READING

Why I'm one of the great unread - Carol Sarler
AS ADMISSIONS GO, it’s up there with letting slip that you bathe but once a year — or so it seems to judge by the reaction I get when I say that I don’t read books. Zip. Zilch. Zero. No Dickens, Austen, Joyce, James, Eliot, Defoe; no non-fiction and certainly no biography. Not one, ever.

Yay for ignorance! This idiotic article is by a woman basically crowing that she doesn't read. Her "argument" is that books people recommend are too hard so she doesn't bother. The problem isn't that books are hard, it's that people think just because a book by Henry James is the same as a book written by Steven King just because they're both written in English. That's like saying climbing the hill behind your house is the same as free-climbing El Capitan because they're both rocks. People think reading is just something you can do with no preperation. Reading a hard book is hard. You need to practice and work your way up to the hard ones, just like with any hobby or skill. Jumping in to Ulysses without working up to is like expecting to understand French just because you have ears.

Saying you were turned off of reading because your teachers made you read hard books in school is just an excuse. You're an adult, you can read whatever you want. Start with "bad thrillers on hot beaches" as she says she does read, and make the commitment to move up from there. Maybe someday you'll get to the scary books you were forced to read before and you'll like them. If you don't care, you'll never get better at anything. You can't free-climb El Capitan on your first go but if you want to, you'll get there. Of course if you force your kid to plow through Jane Eyre as a high school freshman, they probably won't like it (I didn't). But if you force your kid to spend all their free time on the piano, they won't like that either. It's not about forcing, it's about introducing. Kids should be made to know that there is a wonderful world of hard but rewarding books out there that they can work up to.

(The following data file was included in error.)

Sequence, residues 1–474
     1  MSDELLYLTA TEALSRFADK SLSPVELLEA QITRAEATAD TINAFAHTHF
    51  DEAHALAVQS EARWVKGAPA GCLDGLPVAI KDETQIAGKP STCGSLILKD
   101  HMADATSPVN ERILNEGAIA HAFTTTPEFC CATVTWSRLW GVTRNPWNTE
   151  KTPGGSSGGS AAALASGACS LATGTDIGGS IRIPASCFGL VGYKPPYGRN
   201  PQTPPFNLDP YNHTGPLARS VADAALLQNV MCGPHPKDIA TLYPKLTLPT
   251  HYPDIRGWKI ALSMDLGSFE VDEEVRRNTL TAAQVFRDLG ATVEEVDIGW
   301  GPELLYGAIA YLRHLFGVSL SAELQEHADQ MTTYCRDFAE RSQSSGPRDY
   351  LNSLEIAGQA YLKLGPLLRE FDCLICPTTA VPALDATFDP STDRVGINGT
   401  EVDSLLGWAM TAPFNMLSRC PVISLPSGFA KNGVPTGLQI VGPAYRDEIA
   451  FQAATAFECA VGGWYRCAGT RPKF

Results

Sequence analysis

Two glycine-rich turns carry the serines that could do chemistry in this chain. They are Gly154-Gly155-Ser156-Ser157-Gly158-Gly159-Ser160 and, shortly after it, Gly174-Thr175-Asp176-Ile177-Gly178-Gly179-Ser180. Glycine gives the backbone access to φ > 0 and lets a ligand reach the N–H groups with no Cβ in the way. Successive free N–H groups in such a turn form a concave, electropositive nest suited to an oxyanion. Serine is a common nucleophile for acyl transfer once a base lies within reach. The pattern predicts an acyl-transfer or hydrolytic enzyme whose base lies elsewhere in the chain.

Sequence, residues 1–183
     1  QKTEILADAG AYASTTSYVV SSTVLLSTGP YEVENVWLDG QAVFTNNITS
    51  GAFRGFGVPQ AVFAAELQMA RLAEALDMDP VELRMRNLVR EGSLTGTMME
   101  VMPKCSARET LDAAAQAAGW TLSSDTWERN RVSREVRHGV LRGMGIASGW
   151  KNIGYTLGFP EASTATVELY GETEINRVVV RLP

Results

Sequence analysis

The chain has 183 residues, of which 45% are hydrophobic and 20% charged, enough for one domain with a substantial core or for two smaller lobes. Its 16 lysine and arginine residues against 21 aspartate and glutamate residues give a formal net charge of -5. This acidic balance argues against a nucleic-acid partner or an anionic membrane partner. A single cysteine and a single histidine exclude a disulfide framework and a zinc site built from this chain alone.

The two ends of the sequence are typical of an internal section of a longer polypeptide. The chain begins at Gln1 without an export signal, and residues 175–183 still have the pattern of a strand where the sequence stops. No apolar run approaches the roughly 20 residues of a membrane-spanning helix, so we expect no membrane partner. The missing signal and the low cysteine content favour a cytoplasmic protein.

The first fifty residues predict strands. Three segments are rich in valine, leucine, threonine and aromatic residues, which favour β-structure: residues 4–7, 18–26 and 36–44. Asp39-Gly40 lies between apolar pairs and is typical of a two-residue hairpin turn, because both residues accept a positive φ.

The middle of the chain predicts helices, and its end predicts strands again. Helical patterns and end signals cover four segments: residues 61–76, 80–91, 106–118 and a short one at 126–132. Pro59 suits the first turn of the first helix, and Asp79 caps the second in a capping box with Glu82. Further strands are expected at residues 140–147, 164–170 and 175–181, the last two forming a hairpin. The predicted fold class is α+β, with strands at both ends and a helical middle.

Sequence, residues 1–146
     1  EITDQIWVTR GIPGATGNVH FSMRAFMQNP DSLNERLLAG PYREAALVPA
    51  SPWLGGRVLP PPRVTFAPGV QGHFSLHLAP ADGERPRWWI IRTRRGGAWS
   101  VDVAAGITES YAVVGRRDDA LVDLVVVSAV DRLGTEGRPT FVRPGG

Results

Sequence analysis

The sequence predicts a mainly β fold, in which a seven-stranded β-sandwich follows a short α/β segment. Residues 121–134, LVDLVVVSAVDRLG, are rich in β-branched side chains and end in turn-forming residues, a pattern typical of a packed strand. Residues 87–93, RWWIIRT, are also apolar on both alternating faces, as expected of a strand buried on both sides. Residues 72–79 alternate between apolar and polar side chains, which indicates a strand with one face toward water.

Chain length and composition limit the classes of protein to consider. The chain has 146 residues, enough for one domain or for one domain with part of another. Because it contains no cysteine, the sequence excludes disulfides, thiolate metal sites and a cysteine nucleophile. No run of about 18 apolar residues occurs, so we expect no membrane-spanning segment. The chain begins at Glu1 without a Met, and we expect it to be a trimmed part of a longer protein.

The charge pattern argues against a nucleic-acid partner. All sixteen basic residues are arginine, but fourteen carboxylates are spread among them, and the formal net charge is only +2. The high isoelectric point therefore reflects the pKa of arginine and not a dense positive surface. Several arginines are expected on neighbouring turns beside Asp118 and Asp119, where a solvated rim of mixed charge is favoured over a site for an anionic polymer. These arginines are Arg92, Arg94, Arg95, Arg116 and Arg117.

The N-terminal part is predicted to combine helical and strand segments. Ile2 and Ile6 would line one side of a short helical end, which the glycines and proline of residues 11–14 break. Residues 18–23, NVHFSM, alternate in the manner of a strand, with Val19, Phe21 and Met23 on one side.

I read a quote but an author whose name I can't remember where he said when he first read a hard book "he bored the book." But when he had grown up and lived life a little more he had something to bring to the table in his relationship with that book and he enjoyed it. That's a very writerly way of putting it but it's true. You need to bring something to the table to appreciate a hard book. Getting kids going down that path early is the best thing you can do for them. Just saying that "it’s not what they read that counts, it’s that they read" is gibberish if all they ever do is read fashion magazines and never work up from there. Nobody says it's okay for someone to play Happy Birthday on the piano over and over again because "it's good that they're playing" you can't just let kids read at the same level forever. But you can't beat it into them either because then you end up with this lady, crowing about her ignorance.

Tags: , ,